Why Do We Give Flowers? The History Of Flowers
Giving flowers has been a customary tradition dating back hundreds of years, but why do we really give flowers? Here's the interesting history of flowers.
The giving of flowers is an ancient, worldwide tradition - one which is not exclusive to any one country or culture. From the United States to Europe to Asia, flowers have been changing hands for many thousands of years.
We're all very familiar with the popular displays of affection that may accompany a bundle of blooms: love, apology, happy birthday, or an expression of sorrow. We send flowers to the hospital to wish someone quick healing, and sometimes we send "surprise" flowers, just because. These are common expressions in modern times, but the gesture of presenting flowers has been in existence as long as humankind.
Read on to learn more about the history of flowers and how they became such an important part of today's culture.
Ancient History of Flowers
Ancient civilizations in Europe and the Far East gave flowers - we know this through archaeological findings (artifacts, drawings, etc.). In fact, Ancient Egyptians decorated their homes with flowers as long ago as 2,500 BCE! In many instances, these flowers were part of a burial ritual and meant to keep away bad spirits.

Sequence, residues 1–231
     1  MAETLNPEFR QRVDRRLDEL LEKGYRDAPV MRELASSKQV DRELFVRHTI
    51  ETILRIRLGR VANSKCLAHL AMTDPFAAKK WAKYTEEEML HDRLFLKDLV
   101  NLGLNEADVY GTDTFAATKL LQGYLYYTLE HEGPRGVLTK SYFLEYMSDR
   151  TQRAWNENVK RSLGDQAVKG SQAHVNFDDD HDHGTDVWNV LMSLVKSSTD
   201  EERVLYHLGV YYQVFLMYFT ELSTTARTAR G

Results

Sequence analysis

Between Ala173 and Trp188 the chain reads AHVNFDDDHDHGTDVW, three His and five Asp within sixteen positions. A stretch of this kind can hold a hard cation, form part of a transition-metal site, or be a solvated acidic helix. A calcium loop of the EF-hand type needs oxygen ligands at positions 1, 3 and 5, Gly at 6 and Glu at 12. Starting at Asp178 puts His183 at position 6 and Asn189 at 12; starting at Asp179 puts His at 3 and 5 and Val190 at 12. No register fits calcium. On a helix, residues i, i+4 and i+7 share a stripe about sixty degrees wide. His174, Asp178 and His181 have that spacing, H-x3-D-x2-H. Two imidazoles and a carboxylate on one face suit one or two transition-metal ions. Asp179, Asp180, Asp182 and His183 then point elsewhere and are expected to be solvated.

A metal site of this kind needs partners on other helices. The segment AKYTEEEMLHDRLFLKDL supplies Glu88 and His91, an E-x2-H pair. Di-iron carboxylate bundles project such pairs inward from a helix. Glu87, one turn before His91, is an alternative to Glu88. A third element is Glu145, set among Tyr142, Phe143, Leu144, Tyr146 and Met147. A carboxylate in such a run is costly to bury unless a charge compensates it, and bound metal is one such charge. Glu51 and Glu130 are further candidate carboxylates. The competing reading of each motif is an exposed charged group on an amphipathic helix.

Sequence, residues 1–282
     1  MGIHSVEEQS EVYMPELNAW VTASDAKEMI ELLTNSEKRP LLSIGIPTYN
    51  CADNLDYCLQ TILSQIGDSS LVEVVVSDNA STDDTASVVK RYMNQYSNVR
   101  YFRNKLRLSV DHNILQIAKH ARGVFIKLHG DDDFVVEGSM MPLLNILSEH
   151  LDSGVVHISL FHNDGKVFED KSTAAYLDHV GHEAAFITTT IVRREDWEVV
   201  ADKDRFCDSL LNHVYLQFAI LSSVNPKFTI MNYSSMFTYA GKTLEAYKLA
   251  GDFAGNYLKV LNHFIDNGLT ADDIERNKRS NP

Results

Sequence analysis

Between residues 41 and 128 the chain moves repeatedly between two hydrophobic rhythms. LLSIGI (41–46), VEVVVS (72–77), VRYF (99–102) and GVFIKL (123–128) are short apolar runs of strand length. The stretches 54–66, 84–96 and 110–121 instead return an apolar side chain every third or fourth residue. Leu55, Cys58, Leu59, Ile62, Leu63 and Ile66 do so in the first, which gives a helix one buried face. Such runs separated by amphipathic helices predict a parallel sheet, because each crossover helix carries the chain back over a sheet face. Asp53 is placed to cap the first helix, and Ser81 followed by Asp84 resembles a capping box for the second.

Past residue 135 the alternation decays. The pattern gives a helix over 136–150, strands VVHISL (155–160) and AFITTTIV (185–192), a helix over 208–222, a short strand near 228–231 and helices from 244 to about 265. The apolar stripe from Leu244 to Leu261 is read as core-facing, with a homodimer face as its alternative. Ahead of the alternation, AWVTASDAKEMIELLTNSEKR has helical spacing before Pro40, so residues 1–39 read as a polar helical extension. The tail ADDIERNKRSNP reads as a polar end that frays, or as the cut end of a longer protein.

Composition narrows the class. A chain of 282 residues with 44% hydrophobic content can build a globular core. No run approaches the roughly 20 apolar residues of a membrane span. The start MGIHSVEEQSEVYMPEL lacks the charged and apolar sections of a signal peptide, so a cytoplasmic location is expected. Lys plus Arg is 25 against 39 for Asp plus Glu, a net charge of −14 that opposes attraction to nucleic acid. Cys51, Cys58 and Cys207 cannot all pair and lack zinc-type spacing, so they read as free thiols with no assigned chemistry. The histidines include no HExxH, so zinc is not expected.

In Greek mythology, certain types of flowers represented specific emotions. For example, Persephone carried a bouquet of irises, and laurel was sacred to the god Apollo.
Some drawings depict that certain gods and goddesses wore floral crowns, leading us to believe that flowers were a symbol of honor. These crowns were also given as a reward for athletic prowess or other achievements. In addition to flowers, these crowns consisted of leaves like laurel or ivy. In recent years, flower crowns have been a popular fashion choice for young women; styled with an elastic band and faux flowers and worn around the head. How many of us realize that this trend has a very long tradition behind it?